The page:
- Improved mind & body awareness through Tai Chi skills
- improved personal stability/alignment and relaxation
- Change people's phobic response to their conditions (read more under NLP and Hypnotherapy)
- Ideal for phase 3 & 4
Recent study shows benefits of Tai Chi for cardiac patients
We have ran a tai chi for cardiac rehabilitation pilot program in South Birmingham in 2007 and measured patient improvement with the Dartmouth Coop score as recommended by BACR. the report is now complete and due to be published. In brief
- To provide access to a phase IV cardiac rehabilitation programme for patients who have been discharged from UHBfT following an acute cardiac event or intervention through the provision of a weekly Tai Chi Class for in the community setting.
- To quantitatively evaluate the Tai Chi programme quantitatively using the established COOP charts as advocated by the British Association of Cardiac Rehabilitation (BACR), which measure functional status and quality of life tool
- To qualitatively evaluate the Tai Chi programme by using case histories of participants.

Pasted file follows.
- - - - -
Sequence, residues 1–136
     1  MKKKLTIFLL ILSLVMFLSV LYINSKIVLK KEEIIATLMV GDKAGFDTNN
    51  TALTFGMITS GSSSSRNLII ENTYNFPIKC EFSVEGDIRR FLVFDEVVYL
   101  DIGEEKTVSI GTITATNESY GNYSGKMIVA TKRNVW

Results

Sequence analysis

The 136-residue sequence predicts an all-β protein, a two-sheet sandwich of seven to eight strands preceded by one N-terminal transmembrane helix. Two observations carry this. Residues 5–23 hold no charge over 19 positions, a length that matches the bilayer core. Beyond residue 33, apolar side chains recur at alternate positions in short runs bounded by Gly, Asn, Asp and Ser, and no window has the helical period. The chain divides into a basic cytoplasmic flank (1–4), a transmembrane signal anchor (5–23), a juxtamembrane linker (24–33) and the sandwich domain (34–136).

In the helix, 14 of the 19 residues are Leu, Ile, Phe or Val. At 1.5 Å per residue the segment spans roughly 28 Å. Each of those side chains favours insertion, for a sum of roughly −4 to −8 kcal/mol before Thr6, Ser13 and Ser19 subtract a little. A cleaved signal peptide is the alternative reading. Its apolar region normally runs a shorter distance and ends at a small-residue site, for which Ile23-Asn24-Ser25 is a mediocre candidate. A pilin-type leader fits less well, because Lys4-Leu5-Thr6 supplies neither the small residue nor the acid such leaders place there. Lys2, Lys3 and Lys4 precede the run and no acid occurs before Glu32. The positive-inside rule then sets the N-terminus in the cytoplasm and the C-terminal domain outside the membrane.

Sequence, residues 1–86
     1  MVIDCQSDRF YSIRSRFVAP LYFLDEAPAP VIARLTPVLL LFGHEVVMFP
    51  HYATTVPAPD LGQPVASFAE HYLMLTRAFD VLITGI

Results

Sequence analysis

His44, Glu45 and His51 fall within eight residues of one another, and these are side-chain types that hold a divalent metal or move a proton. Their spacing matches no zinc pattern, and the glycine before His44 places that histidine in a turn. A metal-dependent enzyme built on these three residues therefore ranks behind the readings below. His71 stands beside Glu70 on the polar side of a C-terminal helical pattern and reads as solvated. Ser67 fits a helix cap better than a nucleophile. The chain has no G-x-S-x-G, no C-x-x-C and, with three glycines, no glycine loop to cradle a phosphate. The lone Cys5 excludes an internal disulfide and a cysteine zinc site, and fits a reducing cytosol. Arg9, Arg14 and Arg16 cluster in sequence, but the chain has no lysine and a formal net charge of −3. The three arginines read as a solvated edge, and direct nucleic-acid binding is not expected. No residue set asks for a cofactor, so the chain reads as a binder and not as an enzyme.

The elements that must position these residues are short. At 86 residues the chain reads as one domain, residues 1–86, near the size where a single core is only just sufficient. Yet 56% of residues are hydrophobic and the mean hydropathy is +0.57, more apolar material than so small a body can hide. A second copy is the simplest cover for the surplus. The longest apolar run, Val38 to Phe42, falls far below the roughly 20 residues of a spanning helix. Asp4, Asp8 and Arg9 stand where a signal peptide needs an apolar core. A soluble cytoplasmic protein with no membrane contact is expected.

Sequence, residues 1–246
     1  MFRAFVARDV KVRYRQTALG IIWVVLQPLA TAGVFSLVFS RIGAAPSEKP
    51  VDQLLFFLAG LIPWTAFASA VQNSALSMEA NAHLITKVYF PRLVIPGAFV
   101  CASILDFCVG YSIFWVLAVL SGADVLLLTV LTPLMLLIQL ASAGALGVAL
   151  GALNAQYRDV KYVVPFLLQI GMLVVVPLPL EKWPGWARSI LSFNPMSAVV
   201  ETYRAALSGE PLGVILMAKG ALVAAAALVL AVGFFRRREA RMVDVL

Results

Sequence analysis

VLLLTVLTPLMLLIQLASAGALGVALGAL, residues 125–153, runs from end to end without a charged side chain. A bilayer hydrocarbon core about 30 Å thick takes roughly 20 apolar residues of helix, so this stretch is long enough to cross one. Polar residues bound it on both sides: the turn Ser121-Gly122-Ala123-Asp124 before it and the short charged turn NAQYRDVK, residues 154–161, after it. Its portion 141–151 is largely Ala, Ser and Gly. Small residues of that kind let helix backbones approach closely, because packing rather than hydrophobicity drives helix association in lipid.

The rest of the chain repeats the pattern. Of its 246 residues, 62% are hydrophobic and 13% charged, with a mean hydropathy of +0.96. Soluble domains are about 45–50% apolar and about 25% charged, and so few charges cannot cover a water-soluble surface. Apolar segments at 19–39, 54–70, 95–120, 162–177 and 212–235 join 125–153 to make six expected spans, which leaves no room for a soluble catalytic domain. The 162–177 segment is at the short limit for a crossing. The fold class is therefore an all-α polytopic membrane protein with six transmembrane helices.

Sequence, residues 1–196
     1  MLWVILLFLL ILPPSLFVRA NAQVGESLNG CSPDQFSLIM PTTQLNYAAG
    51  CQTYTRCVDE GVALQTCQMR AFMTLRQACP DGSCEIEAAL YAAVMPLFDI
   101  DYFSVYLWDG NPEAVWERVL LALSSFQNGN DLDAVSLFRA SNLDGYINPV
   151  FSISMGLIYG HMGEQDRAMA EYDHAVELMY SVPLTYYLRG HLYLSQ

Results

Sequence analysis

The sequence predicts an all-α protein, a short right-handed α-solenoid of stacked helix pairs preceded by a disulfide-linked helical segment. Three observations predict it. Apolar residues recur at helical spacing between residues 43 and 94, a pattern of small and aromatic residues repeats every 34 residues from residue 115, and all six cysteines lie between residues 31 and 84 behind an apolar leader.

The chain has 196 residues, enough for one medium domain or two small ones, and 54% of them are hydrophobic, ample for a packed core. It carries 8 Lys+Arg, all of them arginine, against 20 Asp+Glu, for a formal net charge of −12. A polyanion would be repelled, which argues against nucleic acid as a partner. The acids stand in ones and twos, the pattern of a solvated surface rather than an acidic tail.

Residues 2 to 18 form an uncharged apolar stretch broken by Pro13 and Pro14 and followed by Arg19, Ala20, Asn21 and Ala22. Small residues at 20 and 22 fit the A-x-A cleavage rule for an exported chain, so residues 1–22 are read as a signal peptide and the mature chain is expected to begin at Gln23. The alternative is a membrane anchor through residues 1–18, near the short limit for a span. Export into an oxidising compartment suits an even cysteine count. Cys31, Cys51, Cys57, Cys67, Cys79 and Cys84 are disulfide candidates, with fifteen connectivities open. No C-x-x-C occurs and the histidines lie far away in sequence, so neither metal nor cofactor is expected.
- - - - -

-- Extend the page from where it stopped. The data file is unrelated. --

Significant improvements were reported in the entire COOP dimensions analysed. The most evident being the positive change in health reported in 76% of the cohort. Over half of the participants reported improvements in overall health (58%), and emotional status (50%). A further 45% of patients reported improvements in their ability to undertake daily activities, and 41% in their ability to undertake social activities. Improvement in physical fitness was reported in 32% of the cohort.
At initial COOP chart assessment none of the patients reported the least extreme dimension (i.e. score 1) for any of the COOP charts used At endpoint; 65% were fully integrating socially, 44% were able to undertake their daily activities with no difficulty at all, 29% reported their health was much better, 17% reported not being bothered by emotional problems and 5% reported they were able to undertaken strenuous activity regularly. COOP chart analysis suggested that Tai Chi had improved the general health and well being of this cohort.
The improvements achieved by participating in Tai Chi were also reflected in improved quality of life for patients as evident in the case histories. Patients were able to re-commence employment, avoid the need for planned orthopaedic surgery and actively participate in helping other cardiac patients; this was evident through speaking at support groups and education classes and also by offering individual support to patients during the Tai Chi classes themselves.
Tai Chi for cardiac rehabilitation